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"Funding Secured" is a material statement that can affect stock prices. It better be true.

The New York Times asks Did Elon Musk Violate Securities Laws With Tweet About Taking Tesla Private?

Mr. Musk’s audacious offer to take private Tesla, the innovative auto company he founded and leads as chairman and chief executive, will surely go down as one of the most unorthodox takeover bids ever.

At two sentences and just 53 characters — “Am considering taking Tesla private at $420. Funding secured.” — it was probably the shortest offer ever. (General Motors’ prospectus in 2010 was over 230 pages.)

Mr. Musk offered no basis for the $420 offering price, which would ordinarily be arrived at after reams of analysis by investment bankers and negotiations with a committee of independent Tesla directors.

It was Mr. Musk’s “funding secured” statement on Twitter that may put the iconoclastic founder most at risk. He provided no details about how much funding had been secured, from whom or under what conditions. His email to employees did not mention anything about the funding.

“That’s a clear factual statement,” said John C. Coffee Jr., a professor at Columbia Law School who specializes in corporate law and securities fraud. “If it’s not fully secure, that’s potentially a very material misrepresentation, and a very straightforward violation of Rule 10b-5” of the securities law — in short, securities fraud.

It is illegal for a director or officer of a public company “to knowingly or recklessly make material misstatements about that company,” said John Coates, a professor at Harvard Law School who teaches mergers and acquisitions. Mr. Musk’s “tweets seem cryptic at best, and it is hard to see how he has complied with his duty to not be misleadingly incomplete.”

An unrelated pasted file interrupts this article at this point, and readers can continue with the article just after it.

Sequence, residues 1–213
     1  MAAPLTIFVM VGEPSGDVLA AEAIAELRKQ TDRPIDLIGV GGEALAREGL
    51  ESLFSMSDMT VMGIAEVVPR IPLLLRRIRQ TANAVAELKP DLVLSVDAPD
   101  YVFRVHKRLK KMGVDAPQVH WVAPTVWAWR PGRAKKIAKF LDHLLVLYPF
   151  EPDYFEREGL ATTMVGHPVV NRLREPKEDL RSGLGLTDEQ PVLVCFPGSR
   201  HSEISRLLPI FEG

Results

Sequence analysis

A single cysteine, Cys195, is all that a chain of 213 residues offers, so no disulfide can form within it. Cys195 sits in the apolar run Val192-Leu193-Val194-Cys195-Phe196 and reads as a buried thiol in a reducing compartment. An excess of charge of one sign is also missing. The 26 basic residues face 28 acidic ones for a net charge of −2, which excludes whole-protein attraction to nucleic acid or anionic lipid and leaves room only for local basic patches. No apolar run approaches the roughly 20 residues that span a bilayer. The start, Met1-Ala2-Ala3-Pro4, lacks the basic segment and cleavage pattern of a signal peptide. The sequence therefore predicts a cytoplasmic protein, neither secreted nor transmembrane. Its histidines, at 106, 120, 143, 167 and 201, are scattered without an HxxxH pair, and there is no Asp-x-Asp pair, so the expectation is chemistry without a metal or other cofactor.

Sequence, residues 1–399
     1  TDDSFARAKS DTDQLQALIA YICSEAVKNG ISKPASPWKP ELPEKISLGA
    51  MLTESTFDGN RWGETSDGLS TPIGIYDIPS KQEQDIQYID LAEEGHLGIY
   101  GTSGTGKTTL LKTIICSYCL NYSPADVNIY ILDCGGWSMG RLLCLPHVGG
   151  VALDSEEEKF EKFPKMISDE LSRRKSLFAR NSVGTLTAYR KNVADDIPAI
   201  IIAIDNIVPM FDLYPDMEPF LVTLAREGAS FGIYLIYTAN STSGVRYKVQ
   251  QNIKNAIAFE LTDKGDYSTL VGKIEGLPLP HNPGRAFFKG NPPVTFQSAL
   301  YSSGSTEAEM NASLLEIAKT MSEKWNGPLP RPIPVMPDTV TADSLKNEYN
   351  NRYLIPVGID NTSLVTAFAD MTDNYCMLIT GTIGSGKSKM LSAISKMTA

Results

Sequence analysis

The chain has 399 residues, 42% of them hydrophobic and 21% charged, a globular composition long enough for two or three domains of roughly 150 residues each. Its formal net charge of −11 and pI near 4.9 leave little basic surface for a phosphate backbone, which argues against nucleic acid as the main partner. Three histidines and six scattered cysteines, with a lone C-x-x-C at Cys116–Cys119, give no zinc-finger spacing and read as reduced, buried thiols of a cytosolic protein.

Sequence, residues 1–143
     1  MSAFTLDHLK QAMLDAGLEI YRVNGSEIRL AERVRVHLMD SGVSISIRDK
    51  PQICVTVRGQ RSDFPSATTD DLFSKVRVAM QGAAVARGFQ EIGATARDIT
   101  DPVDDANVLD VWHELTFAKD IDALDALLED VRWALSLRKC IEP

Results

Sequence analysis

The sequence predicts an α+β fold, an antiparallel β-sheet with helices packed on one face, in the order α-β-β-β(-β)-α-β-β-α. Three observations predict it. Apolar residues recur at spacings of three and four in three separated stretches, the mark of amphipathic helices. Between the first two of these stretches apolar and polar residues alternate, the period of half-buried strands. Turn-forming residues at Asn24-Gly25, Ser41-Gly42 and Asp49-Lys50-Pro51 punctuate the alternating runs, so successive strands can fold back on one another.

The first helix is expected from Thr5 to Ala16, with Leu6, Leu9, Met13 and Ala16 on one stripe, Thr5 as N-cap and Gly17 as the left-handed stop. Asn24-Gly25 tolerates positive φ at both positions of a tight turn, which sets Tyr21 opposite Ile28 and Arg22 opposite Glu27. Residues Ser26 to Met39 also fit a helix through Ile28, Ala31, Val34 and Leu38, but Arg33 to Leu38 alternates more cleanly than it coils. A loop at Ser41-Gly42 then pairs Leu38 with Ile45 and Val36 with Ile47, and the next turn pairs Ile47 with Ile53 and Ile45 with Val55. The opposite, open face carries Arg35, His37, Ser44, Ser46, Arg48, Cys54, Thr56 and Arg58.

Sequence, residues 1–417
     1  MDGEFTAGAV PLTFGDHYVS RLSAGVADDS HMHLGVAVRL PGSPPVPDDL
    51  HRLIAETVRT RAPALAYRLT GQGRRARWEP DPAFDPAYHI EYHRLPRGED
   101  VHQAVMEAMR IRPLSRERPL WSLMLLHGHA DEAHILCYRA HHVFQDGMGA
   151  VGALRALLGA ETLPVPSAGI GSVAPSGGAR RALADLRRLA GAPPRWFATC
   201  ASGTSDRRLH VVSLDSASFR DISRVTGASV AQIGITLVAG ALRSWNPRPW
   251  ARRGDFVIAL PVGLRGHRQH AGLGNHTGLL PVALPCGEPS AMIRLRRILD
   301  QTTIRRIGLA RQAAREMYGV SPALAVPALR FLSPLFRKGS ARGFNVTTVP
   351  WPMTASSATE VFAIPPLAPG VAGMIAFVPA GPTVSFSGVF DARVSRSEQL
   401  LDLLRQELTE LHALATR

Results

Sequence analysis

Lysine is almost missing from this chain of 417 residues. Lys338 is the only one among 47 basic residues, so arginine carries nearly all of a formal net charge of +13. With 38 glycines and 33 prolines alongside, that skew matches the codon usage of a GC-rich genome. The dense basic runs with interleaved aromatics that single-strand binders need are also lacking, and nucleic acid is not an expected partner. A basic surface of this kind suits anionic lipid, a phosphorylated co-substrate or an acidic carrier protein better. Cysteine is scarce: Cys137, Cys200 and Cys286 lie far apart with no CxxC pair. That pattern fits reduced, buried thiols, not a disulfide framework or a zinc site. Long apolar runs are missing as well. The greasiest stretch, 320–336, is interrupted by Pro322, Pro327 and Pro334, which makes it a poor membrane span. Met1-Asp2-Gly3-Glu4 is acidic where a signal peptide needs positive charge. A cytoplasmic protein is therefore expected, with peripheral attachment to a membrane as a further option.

Even at a time when Twitter is the preferred medium for presidential communiqués, this is no way to commence a takeover bid. “It’s crazy,” Professor Coates said. “If I assigned this scenario to my students, the list of legal issues would fill many pages.”

For one thing, it is doubtful that a private Twitter account provides adequate notice for a public announcement of a $72 billion deal that is likely to move a stock’s price. (By the end of the day, Tesla shares had shot up over 10 percent.)

Mr. Musk has also put the company itself in an awkward situation. “If I were their lawyer, I’d tell them to have an 8-K filing at the S.E.C. the first thing in the morning,” Professor Coates said, referring to a regulatory filing used to disseminate information that may be important to shareholders. “It needs to explain if this was a joke or a mistake, and if not, what he really meant.”

Largest LBO in History

Bloomberg discusses the math in Musk Mulls Taking Tesla Private, Valuing Company at $82 Billion.

At $420 a share, Tesla would have an enterprise value of about $82 billion including debt. To take it private, the billionaire would have to pull off the largest leveraged buyout in history, surpassing Texas electric utility TXU’s in 2007.

The buyout is “highly unlikely,” said Joel Levington, analyst at Bloomberg Intelligence. “Funding $50 billion plus for a negative free cash flow business would be difficult, if not extraordinary.”

Yesterday, I wrote Private Lies: Musk Tweets He Will Take Tesla Private.

He better be able to prove his statements, and soon.

Mike "Mish' Shedlock